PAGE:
This review reveals that T-Systems opted to “informally” engage with Salim Essa (referred to as S.E) because T-Systems recognised that he “has a strong network to Eskom officials and stakeholders”.
T-Systems chose an “informal” route, rather than making Essa a formal consultant or agent, after it had started a compliance check. The compliance check included getting legal opinion on the “use of S.E. as a sales consultant – specifically the Prevention and Combating of Corruption Act”. The inference is that T-Systems quickly came to realise how problematic it would be to have Essa on-board formally, yet continued to engage with him and his allies “informally”.
Despite this, the compliance review concluded that “the decision to engage S.E. in an informal way and without any contractual basis led to a vast number of legal and compliance risks”.
The compliance report acknowledged that Essa’s “reward” for helping T-Systems with his “informal network” was that he introduced “several local and start-up companies to TSSA [T-Systems South Africa] decision makers and he requested TSSA to provide these companies with the opportunity to be included in the value chain where possible”.
No surprises for guessing who owned the “local and start-up companies” that T-Systems eventually included in its “value chain”. T-Systems made Sechaba Computer Systems its “supplier development partner” for the Transnet and Eskom contracts; the #Guptaleaks show that by 2015 it was controlled by the Guptas. Sechaba would ultimately earn R323-million as T-Systems supplier development partner.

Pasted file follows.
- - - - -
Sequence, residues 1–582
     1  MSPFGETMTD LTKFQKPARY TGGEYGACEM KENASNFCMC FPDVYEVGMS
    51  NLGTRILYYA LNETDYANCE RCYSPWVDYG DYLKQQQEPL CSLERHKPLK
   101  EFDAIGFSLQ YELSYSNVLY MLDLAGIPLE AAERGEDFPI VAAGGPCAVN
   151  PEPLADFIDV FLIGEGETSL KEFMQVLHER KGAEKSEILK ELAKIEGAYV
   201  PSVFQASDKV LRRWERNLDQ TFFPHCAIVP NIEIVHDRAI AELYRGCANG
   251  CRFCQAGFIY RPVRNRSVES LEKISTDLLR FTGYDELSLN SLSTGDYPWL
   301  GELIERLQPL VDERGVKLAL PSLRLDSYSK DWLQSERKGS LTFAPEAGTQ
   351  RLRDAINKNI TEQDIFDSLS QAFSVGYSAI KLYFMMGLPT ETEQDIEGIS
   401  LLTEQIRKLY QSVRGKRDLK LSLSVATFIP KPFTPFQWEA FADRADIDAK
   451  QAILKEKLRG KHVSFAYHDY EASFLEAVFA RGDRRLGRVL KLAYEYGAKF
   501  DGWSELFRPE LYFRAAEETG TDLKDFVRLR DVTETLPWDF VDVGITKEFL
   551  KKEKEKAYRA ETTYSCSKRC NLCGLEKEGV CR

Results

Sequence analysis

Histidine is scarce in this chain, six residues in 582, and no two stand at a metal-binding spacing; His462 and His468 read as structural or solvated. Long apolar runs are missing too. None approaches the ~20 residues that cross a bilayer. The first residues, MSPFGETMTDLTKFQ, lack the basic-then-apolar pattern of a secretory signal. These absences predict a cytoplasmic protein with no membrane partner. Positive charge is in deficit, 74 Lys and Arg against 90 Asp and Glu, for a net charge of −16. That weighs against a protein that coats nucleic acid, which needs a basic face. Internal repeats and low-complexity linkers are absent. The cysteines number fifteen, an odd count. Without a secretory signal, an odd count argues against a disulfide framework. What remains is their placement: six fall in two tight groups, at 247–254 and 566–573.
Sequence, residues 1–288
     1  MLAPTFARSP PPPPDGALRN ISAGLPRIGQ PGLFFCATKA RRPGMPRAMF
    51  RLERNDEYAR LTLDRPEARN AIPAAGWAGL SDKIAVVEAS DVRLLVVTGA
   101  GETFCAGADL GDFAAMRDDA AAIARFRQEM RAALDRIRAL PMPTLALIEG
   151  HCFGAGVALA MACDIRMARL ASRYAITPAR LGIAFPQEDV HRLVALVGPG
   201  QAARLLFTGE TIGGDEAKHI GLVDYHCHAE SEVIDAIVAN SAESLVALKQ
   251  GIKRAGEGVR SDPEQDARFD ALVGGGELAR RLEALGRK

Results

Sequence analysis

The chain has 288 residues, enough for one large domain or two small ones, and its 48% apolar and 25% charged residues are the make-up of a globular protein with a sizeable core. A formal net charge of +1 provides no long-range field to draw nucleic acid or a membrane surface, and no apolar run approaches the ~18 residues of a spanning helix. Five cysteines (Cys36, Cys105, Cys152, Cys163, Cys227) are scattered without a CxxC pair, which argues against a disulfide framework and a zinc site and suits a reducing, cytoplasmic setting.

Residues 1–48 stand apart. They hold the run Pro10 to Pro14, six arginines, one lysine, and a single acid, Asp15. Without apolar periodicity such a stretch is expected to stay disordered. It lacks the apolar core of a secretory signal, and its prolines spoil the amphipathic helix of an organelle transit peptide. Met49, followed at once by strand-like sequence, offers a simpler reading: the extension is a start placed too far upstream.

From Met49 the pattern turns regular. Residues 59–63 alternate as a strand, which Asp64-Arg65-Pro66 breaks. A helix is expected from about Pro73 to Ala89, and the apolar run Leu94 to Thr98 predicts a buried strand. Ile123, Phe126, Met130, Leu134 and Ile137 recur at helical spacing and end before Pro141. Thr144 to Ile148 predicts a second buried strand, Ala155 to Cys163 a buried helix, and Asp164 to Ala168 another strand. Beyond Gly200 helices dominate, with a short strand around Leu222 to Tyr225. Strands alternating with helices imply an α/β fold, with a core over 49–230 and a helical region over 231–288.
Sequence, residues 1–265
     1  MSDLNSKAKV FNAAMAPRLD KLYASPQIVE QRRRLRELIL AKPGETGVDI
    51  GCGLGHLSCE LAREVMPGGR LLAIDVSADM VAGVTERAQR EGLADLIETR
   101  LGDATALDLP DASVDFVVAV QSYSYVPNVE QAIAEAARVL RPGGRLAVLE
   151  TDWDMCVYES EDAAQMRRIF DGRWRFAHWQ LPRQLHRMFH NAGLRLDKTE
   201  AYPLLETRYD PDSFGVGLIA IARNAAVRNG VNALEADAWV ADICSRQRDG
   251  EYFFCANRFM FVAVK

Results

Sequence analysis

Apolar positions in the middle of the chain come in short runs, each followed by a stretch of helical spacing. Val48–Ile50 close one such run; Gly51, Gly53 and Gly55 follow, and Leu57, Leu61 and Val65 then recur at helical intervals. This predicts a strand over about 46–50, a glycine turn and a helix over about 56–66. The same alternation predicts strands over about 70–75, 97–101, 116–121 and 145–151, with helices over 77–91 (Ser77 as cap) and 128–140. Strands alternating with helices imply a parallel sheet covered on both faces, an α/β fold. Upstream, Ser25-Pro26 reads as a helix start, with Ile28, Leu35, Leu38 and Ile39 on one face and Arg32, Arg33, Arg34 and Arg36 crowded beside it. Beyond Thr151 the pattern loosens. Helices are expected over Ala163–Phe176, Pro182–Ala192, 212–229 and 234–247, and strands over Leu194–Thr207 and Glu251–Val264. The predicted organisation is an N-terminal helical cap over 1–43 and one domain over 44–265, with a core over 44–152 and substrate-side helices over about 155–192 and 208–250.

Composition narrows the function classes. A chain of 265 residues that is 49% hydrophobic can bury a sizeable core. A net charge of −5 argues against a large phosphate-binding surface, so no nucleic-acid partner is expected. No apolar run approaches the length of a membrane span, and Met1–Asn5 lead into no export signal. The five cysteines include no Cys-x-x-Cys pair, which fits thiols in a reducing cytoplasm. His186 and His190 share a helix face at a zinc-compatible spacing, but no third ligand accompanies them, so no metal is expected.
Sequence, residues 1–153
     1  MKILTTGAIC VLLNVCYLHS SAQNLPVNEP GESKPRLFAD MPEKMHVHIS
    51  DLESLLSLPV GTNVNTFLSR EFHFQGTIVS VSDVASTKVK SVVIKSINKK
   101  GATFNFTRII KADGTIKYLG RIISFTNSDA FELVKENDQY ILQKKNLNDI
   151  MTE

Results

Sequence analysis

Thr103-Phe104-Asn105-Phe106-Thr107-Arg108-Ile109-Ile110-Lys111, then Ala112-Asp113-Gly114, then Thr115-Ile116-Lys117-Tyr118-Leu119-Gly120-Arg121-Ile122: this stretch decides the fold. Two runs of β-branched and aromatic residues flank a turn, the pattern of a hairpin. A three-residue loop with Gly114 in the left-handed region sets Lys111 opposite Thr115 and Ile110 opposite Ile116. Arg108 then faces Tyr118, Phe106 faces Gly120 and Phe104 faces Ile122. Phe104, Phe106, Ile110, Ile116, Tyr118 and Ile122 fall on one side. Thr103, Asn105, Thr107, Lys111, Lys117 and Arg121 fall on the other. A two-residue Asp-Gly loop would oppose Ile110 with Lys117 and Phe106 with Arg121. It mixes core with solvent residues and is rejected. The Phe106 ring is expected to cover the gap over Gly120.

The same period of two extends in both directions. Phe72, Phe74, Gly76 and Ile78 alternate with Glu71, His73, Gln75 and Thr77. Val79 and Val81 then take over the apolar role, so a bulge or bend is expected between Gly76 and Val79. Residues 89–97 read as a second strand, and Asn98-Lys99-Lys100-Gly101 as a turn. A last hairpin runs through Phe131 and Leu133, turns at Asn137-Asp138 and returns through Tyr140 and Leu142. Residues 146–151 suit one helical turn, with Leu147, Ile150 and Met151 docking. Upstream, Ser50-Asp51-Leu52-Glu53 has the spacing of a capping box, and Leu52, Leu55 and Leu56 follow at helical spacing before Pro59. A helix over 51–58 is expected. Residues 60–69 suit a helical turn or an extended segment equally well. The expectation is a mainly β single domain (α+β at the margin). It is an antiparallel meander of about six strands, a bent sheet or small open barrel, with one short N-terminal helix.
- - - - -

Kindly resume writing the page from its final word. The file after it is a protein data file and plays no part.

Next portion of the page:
The other “start-up” that made a fortune was Zestilor – the company controlled by Essa’s wife. Zestilor earned R238-million related to these T-Systems contracts. The bulk of this was earned when T-Systems agreed to cede the equipment rental portion of its contract with Transnet to Zestilor. Later, Zestilor would also be paid R75-million from Trillian.
Zestilor’s bank statements show it was largely a front for Sahara. Of R319-million paid to Zestilor in relation to the T-Systems and other contracts, 95% was paid onwards to Sahara Computers. Sahara was thus paid R302-million by Zestilor between May 2015 and September 2017.
The real kicker is how the T-Systems compliance audit ended. Despite the obvious quid pro quo between T-Systems, Essa and Gupta companies, the report concluded that the relationship between T-Systems, Sechaba and Zestilor was a “normal contractual relationship in place without any irregularities. There is no indication of corruption or any other illegal behaviour”.
And so, despite everything that would become known about Essa, Zestilor and Sechaba, T-Systems’ group compliance department gave T-Systems the green light to keep doing what it was doing.
Coming up next
In the next instalment, I will explain how the Gupta enterprise earned at least R16-billion from State Capture – creaming 28% from the total payments made by the state in cases involving the Guptas, and highlight some of the most egregious and lesser-known cases where the family made its mark. DM